The point was also made that people may respond to sensitive issues differently in face-to-face situations. I wonder about your qualifications and research experience, and whether you
would be as smug, conceited and personally insulting if you were to met me in a face-to-face situation. I see little point in pursuing discussion with an anonymous know-all.
Anonymous said…
Who cares what race or gender someone is to join an army. That discussion is a waste of time. Like it or not the military forces are here to stay. Fiji may also want to consider having a larger navy.
Corruption Fighter said…
You're quite right Croz, face-to-face I would have a completely different tone.

My question was genuine. I have spoken to one former RFMF private who was Indo-Fijian. So, no survey data, he was my only source, but he was very convincing in describing what life was like for him. No-one tried to make it hard, that's just the way it was. Discipline was harsh and often brutal - if we are fair to the RFMF, they are not treating civilians any differently to the way they treat one another. The end result was that he didn't feel he fitted in. For officers mixing with other officers who all speak English well it's a different situation. It's something else for the ORs. This is a problem that you'd think that the Commander would try to do something about. If he wants to build a genuinely race free Fiji, there's a lot he could do in his own institution. It's one of the reasons I just can't accept that he's sincere.

I would be genuinely interested in learning your views on this issue.
Anonymous said…
@ Corruption Fighter

So you admit that your only source for your assault on the RFMF was an 'Indo-Fijian' private. Did you ever try to exapnd your sources to include a 'kai loma' or even a 'kai valagi' who, in total numbers, have served Fiji, and given their lives in greater numbers in War than any other ethnic group in Fiji, including i'taukei?

Next time you in Fiji go attend the Remembrance Day Service on 11 November and see for yourself the number of crosses showing 'kai loma' and 'kai valagi' names who have given their lives for Fiji. They outnumber even the 'i'taukei'.

The only Fiji Indian who gave his life in military service for Fiji was Vidya Sagar, of Labasa. PERIOD. He was killed in action in Lebanon in 1979. God rest the soul of this brave soldier. He set the example for other Fiji Indians to rise above their narrow ethnic perpsective and make the ultimate sacrifice for his country. He did not die for ethnic parity. He died for all the military virtiues that he, as a soldier, ascribed to. Do you know what these are? If not, educate yourself on this.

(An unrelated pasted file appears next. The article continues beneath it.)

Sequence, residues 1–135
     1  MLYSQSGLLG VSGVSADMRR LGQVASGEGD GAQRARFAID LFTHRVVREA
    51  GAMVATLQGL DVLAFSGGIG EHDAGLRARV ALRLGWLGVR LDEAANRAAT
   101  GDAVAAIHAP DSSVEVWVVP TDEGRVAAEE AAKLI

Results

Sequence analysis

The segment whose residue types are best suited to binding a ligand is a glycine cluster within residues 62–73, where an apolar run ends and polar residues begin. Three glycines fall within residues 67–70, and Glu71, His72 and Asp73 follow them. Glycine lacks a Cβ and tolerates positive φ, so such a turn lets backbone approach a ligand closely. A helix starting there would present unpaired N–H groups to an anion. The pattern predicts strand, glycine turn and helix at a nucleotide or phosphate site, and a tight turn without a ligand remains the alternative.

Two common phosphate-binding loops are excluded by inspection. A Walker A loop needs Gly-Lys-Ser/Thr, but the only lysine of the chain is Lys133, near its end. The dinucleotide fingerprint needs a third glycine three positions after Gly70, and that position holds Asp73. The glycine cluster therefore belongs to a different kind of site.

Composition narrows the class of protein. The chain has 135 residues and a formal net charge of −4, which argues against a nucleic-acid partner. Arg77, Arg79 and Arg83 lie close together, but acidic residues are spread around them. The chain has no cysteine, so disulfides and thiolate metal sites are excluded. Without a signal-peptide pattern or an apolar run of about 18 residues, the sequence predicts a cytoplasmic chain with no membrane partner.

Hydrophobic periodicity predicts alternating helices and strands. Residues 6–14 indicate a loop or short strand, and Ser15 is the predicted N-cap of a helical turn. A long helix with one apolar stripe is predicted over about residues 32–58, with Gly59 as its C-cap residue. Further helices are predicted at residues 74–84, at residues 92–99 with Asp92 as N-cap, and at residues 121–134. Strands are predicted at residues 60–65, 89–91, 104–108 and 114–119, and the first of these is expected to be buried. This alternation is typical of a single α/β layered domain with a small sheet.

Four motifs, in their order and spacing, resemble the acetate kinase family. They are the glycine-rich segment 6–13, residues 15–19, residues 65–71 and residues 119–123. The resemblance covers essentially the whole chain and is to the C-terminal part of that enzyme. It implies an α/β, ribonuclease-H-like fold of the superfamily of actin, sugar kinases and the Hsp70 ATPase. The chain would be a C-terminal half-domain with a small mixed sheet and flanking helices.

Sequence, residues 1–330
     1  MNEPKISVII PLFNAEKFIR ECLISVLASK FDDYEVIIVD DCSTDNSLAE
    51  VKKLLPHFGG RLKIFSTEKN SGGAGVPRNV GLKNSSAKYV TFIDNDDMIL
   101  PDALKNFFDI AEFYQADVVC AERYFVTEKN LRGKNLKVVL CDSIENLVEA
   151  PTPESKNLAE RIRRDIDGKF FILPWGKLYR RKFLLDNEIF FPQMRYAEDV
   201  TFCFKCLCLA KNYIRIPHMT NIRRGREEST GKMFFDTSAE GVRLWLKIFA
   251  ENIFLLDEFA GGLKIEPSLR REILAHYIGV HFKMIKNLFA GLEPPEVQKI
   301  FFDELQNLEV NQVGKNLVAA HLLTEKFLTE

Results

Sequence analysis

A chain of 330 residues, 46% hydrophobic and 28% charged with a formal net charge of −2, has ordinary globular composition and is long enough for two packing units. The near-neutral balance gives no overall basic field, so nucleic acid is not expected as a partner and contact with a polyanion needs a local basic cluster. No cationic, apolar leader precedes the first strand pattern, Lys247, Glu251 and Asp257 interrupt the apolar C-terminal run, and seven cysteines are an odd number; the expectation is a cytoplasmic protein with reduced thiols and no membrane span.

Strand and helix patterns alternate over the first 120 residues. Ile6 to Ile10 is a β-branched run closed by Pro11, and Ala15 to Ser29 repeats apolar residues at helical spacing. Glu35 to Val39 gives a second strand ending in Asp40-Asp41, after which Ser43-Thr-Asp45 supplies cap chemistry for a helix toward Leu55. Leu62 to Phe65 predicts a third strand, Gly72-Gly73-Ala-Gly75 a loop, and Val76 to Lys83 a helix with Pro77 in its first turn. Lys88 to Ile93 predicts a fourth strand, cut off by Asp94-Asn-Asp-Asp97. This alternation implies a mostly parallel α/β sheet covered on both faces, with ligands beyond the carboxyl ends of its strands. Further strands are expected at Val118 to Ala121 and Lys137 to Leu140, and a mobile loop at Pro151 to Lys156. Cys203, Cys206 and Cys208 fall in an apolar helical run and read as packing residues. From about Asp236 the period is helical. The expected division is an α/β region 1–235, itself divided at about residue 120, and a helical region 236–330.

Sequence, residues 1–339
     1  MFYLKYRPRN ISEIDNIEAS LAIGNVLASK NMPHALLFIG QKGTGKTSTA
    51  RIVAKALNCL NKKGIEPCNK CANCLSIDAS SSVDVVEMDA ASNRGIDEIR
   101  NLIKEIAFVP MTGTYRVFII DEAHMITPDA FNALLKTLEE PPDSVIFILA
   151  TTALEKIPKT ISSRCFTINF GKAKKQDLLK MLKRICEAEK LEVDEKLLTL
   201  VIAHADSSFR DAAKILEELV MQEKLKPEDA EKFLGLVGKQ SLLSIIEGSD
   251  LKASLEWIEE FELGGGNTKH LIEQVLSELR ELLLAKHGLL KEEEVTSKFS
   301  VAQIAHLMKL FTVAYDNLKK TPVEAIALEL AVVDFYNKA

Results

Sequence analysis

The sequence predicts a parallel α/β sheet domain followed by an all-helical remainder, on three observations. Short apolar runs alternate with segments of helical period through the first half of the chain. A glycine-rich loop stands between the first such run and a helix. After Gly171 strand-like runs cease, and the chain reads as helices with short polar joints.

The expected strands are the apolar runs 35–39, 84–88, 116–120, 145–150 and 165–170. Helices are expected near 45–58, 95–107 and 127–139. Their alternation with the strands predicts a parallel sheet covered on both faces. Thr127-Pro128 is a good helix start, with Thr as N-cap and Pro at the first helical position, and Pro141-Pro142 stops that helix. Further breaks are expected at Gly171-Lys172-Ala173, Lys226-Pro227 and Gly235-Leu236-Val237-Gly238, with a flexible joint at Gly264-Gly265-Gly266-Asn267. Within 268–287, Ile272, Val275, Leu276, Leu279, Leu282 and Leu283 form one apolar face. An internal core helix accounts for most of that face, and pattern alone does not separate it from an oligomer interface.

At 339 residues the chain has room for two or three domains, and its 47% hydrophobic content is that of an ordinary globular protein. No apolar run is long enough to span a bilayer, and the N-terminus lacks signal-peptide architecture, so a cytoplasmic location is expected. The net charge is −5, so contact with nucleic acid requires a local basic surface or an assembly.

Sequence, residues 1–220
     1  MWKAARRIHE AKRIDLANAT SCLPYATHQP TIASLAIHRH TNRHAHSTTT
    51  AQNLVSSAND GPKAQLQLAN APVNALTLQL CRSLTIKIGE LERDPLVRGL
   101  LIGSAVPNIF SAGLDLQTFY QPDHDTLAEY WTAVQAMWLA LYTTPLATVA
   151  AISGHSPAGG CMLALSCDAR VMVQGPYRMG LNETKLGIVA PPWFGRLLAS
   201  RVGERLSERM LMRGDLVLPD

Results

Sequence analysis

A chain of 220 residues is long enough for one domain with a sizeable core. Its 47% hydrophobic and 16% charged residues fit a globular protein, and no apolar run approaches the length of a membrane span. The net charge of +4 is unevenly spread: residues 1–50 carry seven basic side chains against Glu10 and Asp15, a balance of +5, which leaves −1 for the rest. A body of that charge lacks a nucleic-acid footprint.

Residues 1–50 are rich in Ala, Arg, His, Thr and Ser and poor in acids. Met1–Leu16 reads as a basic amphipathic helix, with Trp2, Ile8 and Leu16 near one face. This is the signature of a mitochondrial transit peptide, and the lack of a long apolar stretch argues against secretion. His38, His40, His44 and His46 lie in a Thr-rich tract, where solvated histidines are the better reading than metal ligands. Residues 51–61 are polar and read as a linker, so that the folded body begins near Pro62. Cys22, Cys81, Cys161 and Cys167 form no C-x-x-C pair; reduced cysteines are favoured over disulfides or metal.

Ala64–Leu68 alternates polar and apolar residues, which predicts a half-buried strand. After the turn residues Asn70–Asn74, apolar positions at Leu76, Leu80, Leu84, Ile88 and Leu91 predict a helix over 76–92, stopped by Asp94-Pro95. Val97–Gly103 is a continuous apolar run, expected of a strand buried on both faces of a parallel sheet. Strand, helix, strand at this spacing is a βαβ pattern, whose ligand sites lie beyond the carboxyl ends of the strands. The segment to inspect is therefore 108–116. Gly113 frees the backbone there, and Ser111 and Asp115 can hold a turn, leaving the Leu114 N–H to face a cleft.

Military service is not about ethnic parity. That's politics, not about disciplined service for the greater good. Take time to raed and educate yourself about these concepts that underpin military service, then you will understand.

Your source, the Indian soldier, should be congratulated for having the courage to stand up and expose himself to the cultural differences he encountered. If he could not overcome these cultural tensions, then how can we expect him to put up with and overcome the life-thretatening tensions of combat?

As they say in the military: the enemy bullet does not discrimminate between the Fiji Indian, the i'taukei or the 'kai loma'. We are all in it together, so cut the crap of ethnic parity coz really, in the final analysis of combat, it does not matter.

Sleep well
Monitored UN Reporting since 2006 : CEDAW AND CERD said…
Since 2006 the UN has determined to monitor the reporting on Conventions like CEDAW by following up directly with signatory governments. The army is here to stay in Fiji. Its peace-keeping role is important. So, the gender composition of the army is more important than ever. The inclusion of women in the RFMF is of vital importance and the monitoring of CEDAW reporting should follow up closely on this. A Coast Guard, a Disaster Corps, Nursing and Medical Corps all with the requisite inclusion of women should be on the immediate horizon. Then the UN Conventions that have been signed up to will make more honest sense.